Spiritual Death and Life

I am constantly coming across texts that tell us that belief in God (adherence to a religion?) is decreasing in France and other European countries. Americans refer to such people as nones, those who would tick the box in a form saying none (belonging to no religious tradition). At the same time, we live in a time when apocalypticism is back in vogue. I read an opinion (scientific?) that Covid would mutate into ever more deadly strains until we all die from it. The “climate emergency” would give us less than fifty years before the earth becomes totally hostile to human habitation – unless we stop eating beef and driving cars. I express a common caricature of the ecologist narrative à la Extinction Rebellion.

According to a recent survey (I never trust them completely, since I have never been surveyed) only 49% declared themselves to be believers compared with 66% in 1947. According to a priest I know in the Archdiocese of Sens-Auxerre, one of the most spiritually barren parts of France, only 1% of nominal Catholics attend Mass. Would this be regular Sunday attendance or main feasts like Christmas and Easter together with baptisms, weddings and funerals? Are the 51% all hard-core materialistic atheists or “spiritual but not religious”?

If anything, the Covid pandemic and the chain of lockdowns have not improved the situation. 91% of those polled believe that the global pandemic has not brought them closer to religious practice. My own experience with most people I meet is that they are not atheists Richard Dawkins fashion according to the exalted science of the nineteenth century. Most believe in the existence of some kind of universal consciousness and life after death. What they do with such an idea differs from person to person. What is the prevailing idea about the meaning of life when it is not social status and money?

The institutional Church is used to blaming ordinary people for their pleasures and the things money can buy. Take them back fifty years and they will learn! Not so. Churches have been most inadequate in the quest for bringing man a credible and spiritual message. This is not only the “modernist” time since the 1960’s and 70’s, but right the way back to our reaction against the notion of religion being a simple and mechanical system of rewards and punishments. We witness in all Churches the growth of a kind of neo-clericalism or bureaucracy that excludes the little people and the poor. Gentrification seems to be the word. We live in an era of nihilism and deconstructionism, as happened in eighteenth-century France and nineteenth-century Russia.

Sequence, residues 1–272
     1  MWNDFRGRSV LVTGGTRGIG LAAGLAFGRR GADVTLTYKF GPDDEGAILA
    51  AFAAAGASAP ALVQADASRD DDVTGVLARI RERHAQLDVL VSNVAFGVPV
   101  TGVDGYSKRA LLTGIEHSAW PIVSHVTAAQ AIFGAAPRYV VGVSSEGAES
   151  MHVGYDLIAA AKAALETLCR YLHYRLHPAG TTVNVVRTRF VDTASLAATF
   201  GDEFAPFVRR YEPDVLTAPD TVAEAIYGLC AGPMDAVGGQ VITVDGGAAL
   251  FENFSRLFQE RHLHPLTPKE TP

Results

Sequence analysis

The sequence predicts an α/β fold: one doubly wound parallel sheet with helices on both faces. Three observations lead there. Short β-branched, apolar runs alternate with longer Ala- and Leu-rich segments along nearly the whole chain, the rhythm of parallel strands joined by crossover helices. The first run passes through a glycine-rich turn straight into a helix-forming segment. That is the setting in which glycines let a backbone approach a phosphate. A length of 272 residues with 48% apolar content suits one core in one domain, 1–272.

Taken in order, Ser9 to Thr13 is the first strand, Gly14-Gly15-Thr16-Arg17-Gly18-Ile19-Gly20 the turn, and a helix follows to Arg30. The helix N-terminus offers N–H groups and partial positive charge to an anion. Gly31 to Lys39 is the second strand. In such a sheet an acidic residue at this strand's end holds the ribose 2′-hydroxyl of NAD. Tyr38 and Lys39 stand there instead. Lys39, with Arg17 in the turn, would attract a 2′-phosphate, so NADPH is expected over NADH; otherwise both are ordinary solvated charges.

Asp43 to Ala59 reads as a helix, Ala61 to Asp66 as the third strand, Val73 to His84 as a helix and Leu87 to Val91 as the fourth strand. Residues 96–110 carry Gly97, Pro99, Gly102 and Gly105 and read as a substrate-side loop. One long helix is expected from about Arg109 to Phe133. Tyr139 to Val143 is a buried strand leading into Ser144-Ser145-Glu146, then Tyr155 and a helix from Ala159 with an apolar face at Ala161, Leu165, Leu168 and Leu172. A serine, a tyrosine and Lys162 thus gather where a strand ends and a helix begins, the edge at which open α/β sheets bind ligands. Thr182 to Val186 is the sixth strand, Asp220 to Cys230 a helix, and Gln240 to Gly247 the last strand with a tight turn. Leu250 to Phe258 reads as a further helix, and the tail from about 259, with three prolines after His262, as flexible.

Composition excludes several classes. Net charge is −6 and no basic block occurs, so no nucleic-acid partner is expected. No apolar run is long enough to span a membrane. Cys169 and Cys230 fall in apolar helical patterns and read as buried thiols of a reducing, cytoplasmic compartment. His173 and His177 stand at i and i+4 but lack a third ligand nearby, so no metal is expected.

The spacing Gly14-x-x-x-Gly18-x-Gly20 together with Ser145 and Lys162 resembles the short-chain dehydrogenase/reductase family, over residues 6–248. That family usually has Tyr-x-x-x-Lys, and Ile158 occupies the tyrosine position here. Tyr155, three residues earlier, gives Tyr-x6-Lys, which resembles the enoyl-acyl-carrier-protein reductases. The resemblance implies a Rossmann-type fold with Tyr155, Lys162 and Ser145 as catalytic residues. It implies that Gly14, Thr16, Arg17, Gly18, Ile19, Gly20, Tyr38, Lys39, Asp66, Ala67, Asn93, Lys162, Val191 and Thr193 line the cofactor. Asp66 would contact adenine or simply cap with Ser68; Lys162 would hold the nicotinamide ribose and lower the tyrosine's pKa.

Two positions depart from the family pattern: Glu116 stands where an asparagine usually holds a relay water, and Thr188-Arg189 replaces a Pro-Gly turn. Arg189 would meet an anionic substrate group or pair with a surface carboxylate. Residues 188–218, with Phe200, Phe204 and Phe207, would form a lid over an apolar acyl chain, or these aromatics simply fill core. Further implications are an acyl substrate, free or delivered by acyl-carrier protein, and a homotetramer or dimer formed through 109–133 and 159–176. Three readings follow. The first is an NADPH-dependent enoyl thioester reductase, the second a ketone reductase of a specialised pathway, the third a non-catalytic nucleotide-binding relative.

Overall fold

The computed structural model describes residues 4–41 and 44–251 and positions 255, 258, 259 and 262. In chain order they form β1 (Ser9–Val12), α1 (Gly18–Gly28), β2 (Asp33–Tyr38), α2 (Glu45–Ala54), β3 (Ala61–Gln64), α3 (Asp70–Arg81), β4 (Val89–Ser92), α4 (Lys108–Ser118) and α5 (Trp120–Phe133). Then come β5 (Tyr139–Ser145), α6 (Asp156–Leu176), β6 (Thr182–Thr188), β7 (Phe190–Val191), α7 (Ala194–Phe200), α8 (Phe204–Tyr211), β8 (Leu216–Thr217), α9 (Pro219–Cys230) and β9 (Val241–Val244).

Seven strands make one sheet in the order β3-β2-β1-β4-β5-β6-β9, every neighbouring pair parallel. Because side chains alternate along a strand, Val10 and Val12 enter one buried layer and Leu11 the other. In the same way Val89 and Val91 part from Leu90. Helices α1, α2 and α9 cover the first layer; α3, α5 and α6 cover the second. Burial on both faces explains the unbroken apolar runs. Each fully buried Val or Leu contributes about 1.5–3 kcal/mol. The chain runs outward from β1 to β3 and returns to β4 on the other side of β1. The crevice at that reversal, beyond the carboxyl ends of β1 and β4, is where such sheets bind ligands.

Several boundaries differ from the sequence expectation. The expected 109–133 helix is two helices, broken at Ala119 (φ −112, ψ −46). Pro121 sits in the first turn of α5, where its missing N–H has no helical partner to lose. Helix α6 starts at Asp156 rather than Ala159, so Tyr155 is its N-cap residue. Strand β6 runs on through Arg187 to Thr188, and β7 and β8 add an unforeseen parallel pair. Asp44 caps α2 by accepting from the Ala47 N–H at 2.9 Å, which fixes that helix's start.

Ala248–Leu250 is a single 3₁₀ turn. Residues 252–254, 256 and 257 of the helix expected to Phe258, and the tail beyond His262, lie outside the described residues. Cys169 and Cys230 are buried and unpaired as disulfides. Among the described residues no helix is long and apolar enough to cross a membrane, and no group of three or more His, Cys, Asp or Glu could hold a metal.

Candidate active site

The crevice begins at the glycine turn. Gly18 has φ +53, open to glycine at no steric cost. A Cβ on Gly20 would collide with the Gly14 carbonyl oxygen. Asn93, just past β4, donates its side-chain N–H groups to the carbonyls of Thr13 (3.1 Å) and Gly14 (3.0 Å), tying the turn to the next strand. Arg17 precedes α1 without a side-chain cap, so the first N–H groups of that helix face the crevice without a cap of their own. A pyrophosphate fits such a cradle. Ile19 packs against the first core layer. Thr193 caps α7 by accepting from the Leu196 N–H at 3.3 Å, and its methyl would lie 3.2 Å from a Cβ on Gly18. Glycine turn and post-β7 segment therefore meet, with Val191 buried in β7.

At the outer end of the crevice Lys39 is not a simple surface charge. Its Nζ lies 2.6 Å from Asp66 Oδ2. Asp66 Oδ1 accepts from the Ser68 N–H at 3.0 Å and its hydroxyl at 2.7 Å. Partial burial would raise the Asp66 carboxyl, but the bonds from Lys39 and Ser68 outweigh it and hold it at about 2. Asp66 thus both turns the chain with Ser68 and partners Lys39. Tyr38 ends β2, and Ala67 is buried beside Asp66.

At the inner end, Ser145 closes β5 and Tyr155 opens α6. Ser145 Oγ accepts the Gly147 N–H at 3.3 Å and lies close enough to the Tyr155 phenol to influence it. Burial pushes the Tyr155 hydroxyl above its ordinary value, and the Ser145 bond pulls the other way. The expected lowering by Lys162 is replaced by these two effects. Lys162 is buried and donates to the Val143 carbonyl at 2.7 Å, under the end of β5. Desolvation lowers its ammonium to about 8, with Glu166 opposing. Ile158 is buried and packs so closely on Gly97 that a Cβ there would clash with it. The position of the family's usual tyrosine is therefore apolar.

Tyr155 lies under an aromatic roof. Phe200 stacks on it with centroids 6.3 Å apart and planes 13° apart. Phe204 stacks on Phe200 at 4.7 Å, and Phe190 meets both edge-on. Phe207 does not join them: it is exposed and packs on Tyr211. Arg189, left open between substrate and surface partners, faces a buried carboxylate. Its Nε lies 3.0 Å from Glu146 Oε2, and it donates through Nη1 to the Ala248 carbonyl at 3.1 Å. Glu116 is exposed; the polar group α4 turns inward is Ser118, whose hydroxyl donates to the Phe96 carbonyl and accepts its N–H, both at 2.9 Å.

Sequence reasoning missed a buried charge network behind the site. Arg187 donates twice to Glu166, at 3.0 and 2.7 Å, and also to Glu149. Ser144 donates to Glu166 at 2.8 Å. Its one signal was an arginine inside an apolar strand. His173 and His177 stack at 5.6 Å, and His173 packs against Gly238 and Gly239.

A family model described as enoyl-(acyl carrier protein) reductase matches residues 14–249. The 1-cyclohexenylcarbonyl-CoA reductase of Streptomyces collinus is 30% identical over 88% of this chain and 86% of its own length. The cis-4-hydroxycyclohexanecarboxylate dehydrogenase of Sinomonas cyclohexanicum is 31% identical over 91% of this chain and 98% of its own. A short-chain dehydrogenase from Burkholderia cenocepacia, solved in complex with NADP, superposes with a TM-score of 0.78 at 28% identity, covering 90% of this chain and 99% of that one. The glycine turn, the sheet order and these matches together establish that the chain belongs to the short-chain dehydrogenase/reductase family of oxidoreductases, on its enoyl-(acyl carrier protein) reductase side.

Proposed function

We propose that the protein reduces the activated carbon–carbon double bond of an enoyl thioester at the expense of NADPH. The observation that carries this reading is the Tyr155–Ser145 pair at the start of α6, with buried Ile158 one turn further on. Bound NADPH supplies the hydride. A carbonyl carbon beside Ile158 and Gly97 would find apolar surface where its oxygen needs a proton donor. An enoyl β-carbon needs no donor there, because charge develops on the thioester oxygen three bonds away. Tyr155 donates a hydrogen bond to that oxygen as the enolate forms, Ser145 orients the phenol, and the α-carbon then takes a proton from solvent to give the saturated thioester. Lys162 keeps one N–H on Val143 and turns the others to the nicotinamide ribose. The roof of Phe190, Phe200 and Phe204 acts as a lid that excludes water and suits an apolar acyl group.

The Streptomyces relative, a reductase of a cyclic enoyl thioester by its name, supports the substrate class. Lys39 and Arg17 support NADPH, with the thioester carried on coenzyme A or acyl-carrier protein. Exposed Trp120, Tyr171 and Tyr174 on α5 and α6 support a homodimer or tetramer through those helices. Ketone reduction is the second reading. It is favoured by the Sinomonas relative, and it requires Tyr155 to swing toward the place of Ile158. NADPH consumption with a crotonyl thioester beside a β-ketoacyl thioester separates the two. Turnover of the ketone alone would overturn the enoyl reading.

Socrates once said that “wisdom begins in wonder”, what the Old Testament calls the fear of the Lord. Conversely, madness begins in denial and the narcissistic sense of self-entitlement. A large segment of society adhering to the Woke ideology wishes to deny and cancel everything. God is not found in barrages of words or marketing, but by truth, beauty and goodness, the famous transcendentals of Plato.

I was deeply impressed with this interview with Patrick Moore, the founder of Greenpeace.

We are now on the subject of what people believe in when they cease to believe in God and Christ. As G.K. Chesterton once said “When men choose not to believe in God, they do not thereafter believe in nothing, they then become capable of believing in anything“. Whether what this guy says stands up to objective scientific evidence, I have no way of telling. All I can say is that I open my door and look and feel the weather and temperature – and find no difference with what I experienced of this world in my childhood. There are terrifying weather events which can happen anywhere, and the pollution of this earth mainly by industry is horrific. In reality, the apocalypse to which we need to be attentive is our own death, and many of these shrieking sayings only show our fear of death and desire to project it on the whole of humanity and nature. I think that Patrick Moore has many sensible things to say, though some may not stand up to informed criticism. I have no way of knowing.

As always, and I say more or less the same things.

– Declare our independence from peer pressure and social status,
– Appreciate the time we spend alone to face truths,
– Love nature and be a part of it, not its lord and master,
– Become aware of those moments of wonder faced with natural or human beauty,
– Come to terms with our true selves and our relationship with the Transcendental,
– Teach by example, not by word.

I could add many others like “out-of-the-box” thinking and being as eccentric as we may be. That is the door by which Christ may enter our souls and bring us to that Heaven which is already within us.

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